PARIS -- While the U.S. president is calling for suspending patents on COVID-19 vaccines, experts at UNESCO are quietly working to a more ambitious strategy: a new international platform for sharing scientific knowledge that could outlast the present pandemic.
At a meeting wrap up Tuesday, diplomats and technical and legal experts from UNESCO'S member nations are trying to draw up new international guidelines below a project called Open Science.
UNESCO's pros say the pandemic has proven that sharing sensitive study is possible: Chinese scientists sequenced and shared the genome of their then-new coronavirus in January 2020, enabling German researchers to then quickly devise a screening evaluation shared around the globe.
"The catastrophe put a spotlight on how scientific advice is produced, shared, communicated," stated Ana Persic, chief of the science coverage department at Paris-based UNESCO. "It is a paradigm change for the scientific community"
The Open Science talks aim to think of a"soft law" at the end of this year that authorities could utilize as a guide for setting science policies and methodically sharing information, research and software across borders, Persic explained.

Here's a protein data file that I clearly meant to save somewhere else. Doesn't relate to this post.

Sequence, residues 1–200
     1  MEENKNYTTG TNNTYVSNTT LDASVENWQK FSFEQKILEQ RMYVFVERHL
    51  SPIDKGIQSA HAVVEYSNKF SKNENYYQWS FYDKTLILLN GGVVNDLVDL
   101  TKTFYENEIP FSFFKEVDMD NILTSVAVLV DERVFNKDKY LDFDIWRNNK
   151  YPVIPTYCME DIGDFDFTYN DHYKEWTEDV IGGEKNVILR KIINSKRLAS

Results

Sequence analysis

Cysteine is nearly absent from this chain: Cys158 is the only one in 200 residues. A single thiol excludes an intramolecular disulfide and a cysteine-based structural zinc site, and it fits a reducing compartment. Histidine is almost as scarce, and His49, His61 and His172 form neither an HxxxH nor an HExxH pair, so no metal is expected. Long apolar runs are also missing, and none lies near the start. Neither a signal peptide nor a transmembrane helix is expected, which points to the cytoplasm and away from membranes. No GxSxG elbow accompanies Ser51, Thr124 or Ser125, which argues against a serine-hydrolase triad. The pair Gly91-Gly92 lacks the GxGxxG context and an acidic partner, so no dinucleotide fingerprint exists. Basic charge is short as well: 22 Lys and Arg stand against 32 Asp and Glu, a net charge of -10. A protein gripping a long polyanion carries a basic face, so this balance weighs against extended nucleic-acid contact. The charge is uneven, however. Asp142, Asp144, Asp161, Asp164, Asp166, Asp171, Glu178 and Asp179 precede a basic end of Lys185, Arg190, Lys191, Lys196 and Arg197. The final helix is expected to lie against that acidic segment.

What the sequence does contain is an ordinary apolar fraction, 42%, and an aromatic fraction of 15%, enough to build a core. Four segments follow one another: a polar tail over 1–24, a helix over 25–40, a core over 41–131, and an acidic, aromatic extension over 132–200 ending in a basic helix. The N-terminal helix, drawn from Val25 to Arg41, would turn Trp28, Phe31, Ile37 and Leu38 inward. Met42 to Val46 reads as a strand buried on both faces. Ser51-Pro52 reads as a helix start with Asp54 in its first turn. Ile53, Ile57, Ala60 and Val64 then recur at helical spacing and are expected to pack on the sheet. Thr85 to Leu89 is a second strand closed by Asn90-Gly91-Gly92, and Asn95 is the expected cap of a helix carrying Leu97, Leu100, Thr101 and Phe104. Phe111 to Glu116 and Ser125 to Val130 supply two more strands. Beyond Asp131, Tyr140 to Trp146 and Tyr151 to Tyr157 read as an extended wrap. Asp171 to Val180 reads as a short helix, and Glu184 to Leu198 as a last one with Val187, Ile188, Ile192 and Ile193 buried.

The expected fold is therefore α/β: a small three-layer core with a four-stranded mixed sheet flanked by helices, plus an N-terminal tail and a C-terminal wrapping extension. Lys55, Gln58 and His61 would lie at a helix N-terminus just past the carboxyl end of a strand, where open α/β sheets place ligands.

Suspending vaccine patents is significantly more sensitive than genomes or analyzing protocols due to the massive investment and industrial issues involved, Persic confessed. Discussions about the patent problem are centered at the World Trade Organization, not UNESCO, and they're far from attaining consensus.
European leaders say lifting patent protections will not address the problem of getting shots to the arms of people in poorer countries. Instead, they're pushing to get more immediate action, such as urging the U.S. to export vaccine doses that have already been produced.
However, Persic told The Associated Press that"in times of crisis or catastrophe, there may be a method of lifting those patents... You can shield the information in a specific way, and share it."
U.S. President Joe Biden's surprise announcement in favor of suspending patent protections came only at specialists began meeting at UNESCO to discuss the Open Science plan. Biden's movement was"was obtained as a positive nod" to their attempts, Persic said.
UNESCO Director General Audrey Azoulay said in a declaration that raising patent protection for coronavirus vaccines"could save countless lives and serve as a blueprint for the future of scientific cooperation. COVID-19 doesn't respect borders. No country will be safe before the people of each country have access to the embryo."